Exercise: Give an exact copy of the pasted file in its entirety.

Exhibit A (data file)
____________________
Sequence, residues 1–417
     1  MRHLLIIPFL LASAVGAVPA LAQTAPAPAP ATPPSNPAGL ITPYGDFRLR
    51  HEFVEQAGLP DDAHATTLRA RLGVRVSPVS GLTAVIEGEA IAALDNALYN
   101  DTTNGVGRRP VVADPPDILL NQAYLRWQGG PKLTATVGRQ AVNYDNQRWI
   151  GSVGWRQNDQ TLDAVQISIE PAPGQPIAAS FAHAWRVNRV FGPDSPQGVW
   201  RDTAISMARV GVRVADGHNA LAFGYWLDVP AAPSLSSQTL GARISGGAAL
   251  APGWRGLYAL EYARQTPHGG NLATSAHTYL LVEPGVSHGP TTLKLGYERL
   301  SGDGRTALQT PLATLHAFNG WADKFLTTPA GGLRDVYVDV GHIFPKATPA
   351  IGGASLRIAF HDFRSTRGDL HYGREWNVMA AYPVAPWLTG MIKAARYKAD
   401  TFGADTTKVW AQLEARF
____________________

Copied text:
Sequence, residues 1–417
     1  MRHLLIIPFL LASAVGAVPA LAQTAPAPAP ATPPSNPAGL ITPYGDFRLR
    51  HEFVEQAGLP DDAHATTLRA RLGVRVSPVS GLTAVIEGEA IAALDNALYN
   101  DTTNGVGRRP VVADPPDILL NQAYLRWQGG PKLTATVGRQ AVNYDNQRWI
   151  GSVGWRQNDQ TLDAVQISIE PAPGQPIAAS FAHAWRVNRV FGPDSPQGVW
   201  RDTAISMARV GVRVADGHNA LAFGYWLDVP AAPSLSSQTL GARISGGAAL
   251  APGWRGLYAL EYARQTPHGG NLATSAHTYL LVEPGVSHGP TTLKLGYERL
   301  SGDGRTALQT PLATLHAFNG WADKFLTTPA GGLRDVYVDV GHIFPKATPA
   351  IGGASLRIAF HDFRSTRGDL HYGREWNVMA AYPVAPWLTG MIKAARYKAD
   401  TFGADTTKVW AQLEARF